I learned so much in terms of being an educator and how to create an inclusive environment for my students.
The children’s animated television program PJ Masks likely isn’t on the binge-watching lists of many Bridgewater State University graduate students. But Nikki Maloney, ’16, G’22, has a good reason for immersing herself in the show’s world of superheroes.
For Nikki, an adapted physical education teacher for the West Bridgewater Public Schools, it’s about connecting with and inspiring the special education students she serves.
“I was trying to find a way to engage my students,” said Nikki, who is pursuing a graduate degree in adapted physical education. “I started (in West Bridgewater) last year during the middle of the pandemic where half of the school kids were remote learning. It was really difficult for me to get to know my students.”
After learning about students’ favorite heroes, Nikki made activity books based on those characters’ worlds. Students eagerly completed challenges cleverly designed to improve their gross motor skills (defined as tasks that involve large muscles in the upper body, as well as whole-body movements). A student needing to work on balance, for example, crossed a balance beam to help a favorite character escape a predicament.
“They got to take over a little more,” Nikki said. “It was more self-directed.”
This out-of-the-box thinking is a great way to relate to students, said Dr. Matthew Patey, an assistant professor of health and kinesiology.
“Sometimes that’s all you need,” said Patey, who specializes in adaptive physical education and is advising Nikki on her thesis. “It’s a brilliant strategy on Nikki’s end to incorporate things kids like and get that fun factor.”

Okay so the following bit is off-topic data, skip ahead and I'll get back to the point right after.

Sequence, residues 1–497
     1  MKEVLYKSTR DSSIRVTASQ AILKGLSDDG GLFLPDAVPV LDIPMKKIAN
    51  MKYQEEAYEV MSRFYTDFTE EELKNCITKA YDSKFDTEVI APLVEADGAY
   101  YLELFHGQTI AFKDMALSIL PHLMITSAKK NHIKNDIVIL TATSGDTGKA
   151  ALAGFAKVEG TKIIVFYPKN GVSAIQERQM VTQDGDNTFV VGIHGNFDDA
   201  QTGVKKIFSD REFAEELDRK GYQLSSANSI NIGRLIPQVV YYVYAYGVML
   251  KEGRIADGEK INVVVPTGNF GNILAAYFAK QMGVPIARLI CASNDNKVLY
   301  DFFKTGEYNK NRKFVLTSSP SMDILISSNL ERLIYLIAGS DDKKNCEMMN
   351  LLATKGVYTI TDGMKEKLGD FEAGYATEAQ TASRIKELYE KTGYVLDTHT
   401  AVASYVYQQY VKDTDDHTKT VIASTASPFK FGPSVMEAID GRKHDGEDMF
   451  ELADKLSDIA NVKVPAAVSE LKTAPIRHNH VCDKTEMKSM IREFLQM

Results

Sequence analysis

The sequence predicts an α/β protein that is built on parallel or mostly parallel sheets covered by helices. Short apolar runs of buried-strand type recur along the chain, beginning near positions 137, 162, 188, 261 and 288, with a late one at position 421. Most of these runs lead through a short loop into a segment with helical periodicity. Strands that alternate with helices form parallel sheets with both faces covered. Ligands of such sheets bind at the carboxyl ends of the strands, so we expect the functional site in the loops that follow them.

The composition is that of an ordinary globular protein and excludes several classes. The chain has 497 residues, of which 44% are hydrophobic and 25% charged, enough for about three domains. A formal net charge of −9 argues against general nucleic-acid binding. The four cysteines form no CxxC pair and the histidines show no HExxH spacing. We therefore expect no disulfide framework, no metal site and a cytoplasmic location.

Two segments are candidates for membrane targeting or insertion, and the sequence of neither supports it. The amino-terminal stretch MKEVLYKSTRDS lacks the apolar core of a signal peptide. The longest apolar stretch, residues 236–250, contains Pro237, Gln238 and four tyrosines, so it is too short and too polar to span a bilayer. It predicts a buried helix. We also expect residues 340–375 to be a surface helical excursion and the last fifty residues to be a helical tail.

Nikki excels at connecting classroom lessons to her job and has the right attitude for a successful career, Patey said.
“This whole area is clearly Nikki's passion,” he said.
Serving students with disabilities runs in the Maloney family. Nikki’s mother, Maura, ’17, has worked in special education classrooms as a paraprofessional, and, more recently, teacher. And Nikki befriended students with disabilities while growing up in Foxboro.
As an undergraduate, she appreciated a course with Dr. J. Edward Carter that covered the developing of individualized education programs and working with parents.
“We had such great conversations because it was a small class,” recalled Nikki, who majored in special education and psychology. “It was a safe environment to ask questions.”
Now in the adapted physical education program, she praised Patey for highlighting how physical education lessons transfer to other classes.
Nikki sees that on the job as her students apply the confidence they gain in physical education to other courses and interactions with their peers. They grow and flourish, just as she did at BSU.
“I learned so much in terms of being an educator and how to create an inclusive environment for my students,” she said.
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